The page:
I’ve been a long-time Fusebox coder (since version 2) and have always asserted that for most small scale web applications, a procedural approach is 100% fine. I could never be bothered with the overhead that object-oriented code takes, considering the size and simplicity of the projects I typically did.
That is what I still believe. However, of late I’ve been working with other people’s code that is more OO in approach, and I can see the benefits, especially for larger and more complex projects. I’ve been getting more and more ColdFusion projects recently and it’s a lot of fun. I had two projects about to start, and although neither of them were huge, I decided to try and go the whole OO hog, and maybe learn some new stuff in the process.
Part of the reason I thought I’d give it a try was Illudium PU-36 Code Generator, which is actually a crazy name for a pretty cool tool that generates all the factory, service, DAO and bean CFCs directly from your database tables – in other words, saving you a ton of typing, cutting and pasting and then more wasted time tracking down errors caused by typos (cool screencast here). I happened to be talking to Andrew Mercer, CFUGWA’s OO Guru, and as well as answering some of my noobish questions he pointed me towards Russ Johnson’s Fusebox 5 templates for Illudium PU-36. They generate Controller and View circuit.xml files plus listing and form pages in Fusebox 5 friendly format, giving you a massive head start on creating administration applications. What impressed me most, however, was that the forms and tables that are generated are nice, semantic, valid HTML. Although I changed the forms a bit – I’m hopping on the latest trend which is putting each label and input pair into an ordered list item – they were so close to what I’d normally create myself that I was literally rubbing my hands together with glee.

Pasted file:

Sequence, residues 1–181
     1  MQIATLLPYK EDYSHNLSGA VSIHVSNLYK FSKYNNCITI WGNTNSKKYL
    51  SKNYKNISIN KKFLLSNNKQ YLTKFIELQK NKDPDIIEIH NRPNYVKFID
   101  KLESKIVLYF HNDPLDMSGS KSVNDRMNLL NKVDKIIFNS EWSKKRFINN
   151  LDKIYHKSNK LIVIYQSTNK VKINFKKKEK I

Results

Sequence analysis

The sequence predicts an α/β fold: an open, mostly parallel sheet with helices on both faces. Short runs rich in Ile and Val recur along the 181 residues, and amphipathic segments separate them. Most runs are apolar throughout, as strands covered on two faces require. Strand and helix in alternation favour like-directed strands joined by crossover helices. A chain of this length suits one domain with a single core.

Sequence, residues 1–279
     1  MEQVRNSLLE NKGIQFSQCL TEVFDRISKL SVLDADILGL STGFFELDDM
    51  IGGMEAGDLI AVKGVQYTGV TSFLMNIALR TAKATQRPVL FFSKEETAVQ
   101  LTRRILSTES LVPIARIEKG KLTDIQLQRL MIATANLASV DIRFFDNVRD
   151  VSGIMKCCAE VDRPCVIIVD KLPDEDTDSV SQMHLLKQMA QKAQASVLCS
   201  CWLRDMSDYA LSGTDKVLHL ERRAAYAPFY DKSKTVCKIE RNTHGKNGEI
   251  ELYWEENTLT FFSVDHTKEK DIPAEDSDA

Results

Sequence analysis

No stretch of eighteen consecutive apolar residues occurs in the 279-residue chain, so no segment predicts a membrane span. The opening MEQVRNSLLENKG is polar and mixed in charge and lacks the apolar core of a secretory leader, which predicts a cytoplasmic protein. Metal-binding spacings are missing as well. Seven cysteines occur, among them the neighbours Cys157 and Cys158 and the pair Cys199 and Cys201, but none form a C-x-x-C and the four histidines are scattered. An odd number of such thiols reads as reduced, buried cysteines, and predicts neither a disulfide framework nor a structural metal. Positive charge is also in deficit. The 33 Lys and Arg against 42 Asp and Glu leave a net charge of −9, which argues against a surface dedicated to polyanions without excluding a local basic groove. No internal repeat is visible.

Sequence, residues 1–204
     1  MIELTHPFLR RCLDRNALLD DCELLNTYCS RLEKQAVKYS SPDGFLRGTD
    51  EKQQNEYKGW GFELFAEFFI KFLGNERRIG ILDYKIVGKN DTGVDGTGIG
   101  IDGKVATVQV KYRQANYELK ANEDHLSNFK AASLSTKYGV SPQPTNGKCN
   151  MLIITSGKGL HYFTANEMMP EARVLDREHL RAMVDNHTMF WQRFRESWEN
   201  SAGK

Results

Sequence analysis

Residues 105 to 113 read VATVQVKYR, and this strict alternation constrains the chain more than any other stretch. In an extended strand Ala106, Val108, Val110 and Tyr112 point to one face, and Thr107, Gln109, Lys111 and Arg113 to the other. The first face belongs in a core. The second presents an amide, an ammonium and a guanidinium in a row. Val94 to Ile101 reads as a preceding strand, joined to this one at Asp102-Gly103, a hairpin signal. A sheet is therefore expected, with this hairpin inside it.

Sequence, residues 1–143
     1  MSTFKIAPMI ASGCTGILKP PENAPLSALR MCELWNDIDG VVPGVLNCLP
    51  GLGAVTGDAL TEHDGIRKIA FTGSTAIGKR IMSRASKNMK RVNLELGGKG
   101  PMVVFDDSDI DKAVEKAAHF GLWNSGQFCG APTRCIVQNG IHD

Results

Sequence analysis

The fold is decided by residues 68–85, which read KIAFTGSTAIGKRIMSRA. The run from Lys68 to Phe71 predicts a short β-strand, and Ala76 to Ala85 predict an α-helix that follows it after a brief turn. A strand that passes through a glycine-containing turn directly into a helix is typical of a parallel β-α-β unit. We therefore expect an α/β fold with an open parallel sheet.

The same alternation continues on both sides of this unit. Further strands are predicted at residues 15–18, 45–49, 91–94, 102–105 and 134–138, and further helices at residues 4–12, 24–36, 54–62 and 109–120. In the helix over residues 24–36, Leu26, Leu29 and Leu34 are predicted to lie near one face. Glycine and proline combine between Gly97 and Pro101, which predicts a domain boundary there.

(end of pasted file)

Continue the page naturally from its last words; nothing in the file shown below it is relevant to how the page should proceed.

However, there was another hurdle. Russ’s Fusebox 5 templates are designed to be used with ColdSpring. So I had to get a handle on that too. After reading about ColdSpring I can see the benefits of that too, and at the simple level it’s not hard to integrate. All in all, I can see what I probably should be doing, framework-wise.
However, timelines and scopes started to creep, as they do, and some atypical staffing issues meant that in the end, I didn’t have the time I would have liked to work on those projects. The crunch started and it started to look tight. I came across some conceptual hurdles – which was not surprising, really – so I went back to doing what I know: procedural Fusebox 5.
So is that bad? It’s clean, understandable, framework-compliant code. It works, it’s easy to debug, and it was easy for me to write. So no, I don’t think it’s bad at all.
The next project I have with more time, I will have another crack at an OO approach. In the meantime, thank your deity of choice for good ole’ dependable Fusebox!
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